A Guided Tour… Through Jazz and Blues -Fall 2018
by: John Stanton
Charley Walters wants me to listen to the guitar solo on “Eight Miles High,” by the Byrds. Then he wants me to listen to a Charlie Parker tune called “India” off his live album “Impressions.” He wants me to notice how the rock solo was taken directly from the jazz.
And so I do. And there it is.
“I vaguely remember hearing something like jazz when I was 15 or so,” Walters said. “I was crazy about the British bands and some of them had begun experimenting with jazz lines. The Byrds, which was an American band, were doing it.”
There is the echo of Coltrane’s tenor sax in Roger McGuinn’s 12-string guitar solo. You can hear the essence of those nights in New York’s Village Vanguard, when the kings of jazz held court. There is the song that marked the beginning of psychedelic rock. There is a moment where you can see musical influences unfolding.
“It’s a quote from the solo in ‘Impressions,’ but I didn’t realize it at the time,” Walters said. “I just knew the Byrds were going on and on about who Coltrane was and I couldn’t figure out what they were talking about.”
It is just a little music story. It may not seem like much to you. Unless you happen to have once been the kind of kid who haunted used record stores, flipping through bins of music and studying the album covers and liner notes, as if they might reveal some greater awakening.
If you are that person, if the connections that run like a current throughout all music fuel your appreciation of it, you might be Walters’ audience for his weekly radio show, “Island Blue Notes.”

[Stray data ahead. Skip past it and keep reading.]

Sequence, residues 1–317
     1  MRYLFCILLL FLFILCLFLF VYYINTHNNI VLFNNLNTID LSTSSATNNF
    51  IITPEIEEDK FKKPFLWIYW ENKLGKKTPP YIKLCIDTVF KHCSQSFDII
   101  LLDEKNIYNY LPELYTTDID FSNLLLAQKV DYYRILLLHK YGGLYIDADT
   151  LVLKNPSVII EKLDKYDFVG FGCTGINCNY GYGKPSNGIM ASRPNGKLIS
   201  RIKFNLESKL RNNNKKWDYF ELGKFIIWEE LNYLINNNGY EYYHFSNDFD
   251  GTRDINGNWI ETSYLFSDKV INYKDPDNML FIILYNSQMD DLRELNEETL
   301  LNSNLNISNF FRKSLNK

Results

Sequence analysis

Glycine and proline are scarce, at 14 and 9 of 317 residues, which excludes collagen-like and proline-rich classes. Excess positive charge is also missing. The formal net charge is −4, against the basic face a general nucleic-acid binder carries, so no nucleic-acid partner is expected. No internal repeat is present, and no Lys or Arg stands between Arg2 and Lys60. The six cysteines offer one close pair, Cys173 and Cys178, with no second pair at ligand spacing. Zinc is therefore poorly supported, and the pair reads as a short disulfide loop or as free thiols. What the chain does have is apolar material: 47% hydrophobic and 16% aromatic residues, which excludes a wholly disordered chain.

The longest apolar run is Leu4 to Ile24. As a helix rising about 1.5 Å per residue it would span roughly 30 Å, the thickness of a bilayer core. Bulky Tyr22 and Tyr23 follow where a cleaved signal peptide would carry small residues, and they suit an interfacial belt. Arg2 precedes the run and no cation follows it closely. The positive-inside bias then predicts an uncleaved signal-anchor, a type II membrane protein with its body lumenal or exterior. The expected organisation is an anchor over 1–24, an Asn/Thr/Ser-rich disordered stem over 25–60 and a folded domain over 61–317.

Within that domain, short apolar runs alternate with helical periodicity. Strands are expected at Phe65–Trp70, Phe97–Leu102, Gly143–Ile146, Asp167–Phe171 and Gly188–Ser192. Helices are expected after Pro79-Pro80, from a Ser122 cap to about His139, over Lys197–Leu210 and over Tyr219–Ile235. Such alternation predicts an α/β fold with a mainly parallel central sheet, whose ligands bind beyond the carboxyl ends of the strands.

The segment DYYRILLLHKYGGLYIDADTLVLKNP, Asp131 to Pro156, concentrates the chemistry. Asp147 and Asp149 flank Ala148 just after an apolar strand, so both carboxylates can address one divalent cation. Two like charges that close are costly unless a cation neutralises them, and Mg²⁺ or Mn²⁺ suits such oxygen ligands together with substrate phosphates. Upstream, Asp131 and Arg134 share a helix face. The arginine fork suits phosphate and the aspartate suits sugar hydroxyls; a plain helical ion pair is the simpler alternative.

The show can be heard Sunday morning from 7-9 on 89.5, WNCK-FM, and again on Sunday evening from 9-11, on 97.7, WACK-FM. Podcasts of the show can be found on nantucketnpr.org.
It is a show about jazz and blues and the way music is connected across the decades. On a simpler level, it can just be a couple of hours to hear your favorites as well as a chance to walk down new avenues where the music is played.
“Everybody knows of Coltrane, or Miles Davis, or Muddy Waters, or Paul Butterfield,” Walters said. “But I’m assuming whoever tunes into the show has more than a passing interest in jazz or blues and if they hear something by someone they’re not familiar with, they’re going to be open to it.”
It is, of course, exactly what you would expect to hear from the former owner of a record store. Musicall was a classic basement record store, where you could put everyday life on hold and wander through bins marked Rock, or Jazz, or Country, or Folk, or Classical, in the hope of finding something you had heard on the radio but did not yet own, or of discovering something you didn’t know your favorite artist had made.
Walters worked at the place when it was called Nantucket Sound. He bought it in 1982, and eventually closed it down in 2006, a business casualty of the Internet.
“When I had the store and somebody came in and asked about some music they really didn’t know about and seemed almost embarrassed, I’d always say if you know what you like that’s all you really need to know,” he said, adding that owning and operating a record store was a combination of the joy of the music and the business decisions that face all retail merchants.
In the fading years of the 1970s, before he stepped behind the counter at the record store, Walters reviewed albums for Rolling Stone magazine and the weekly alternative newspaper, the Boston Phoenix.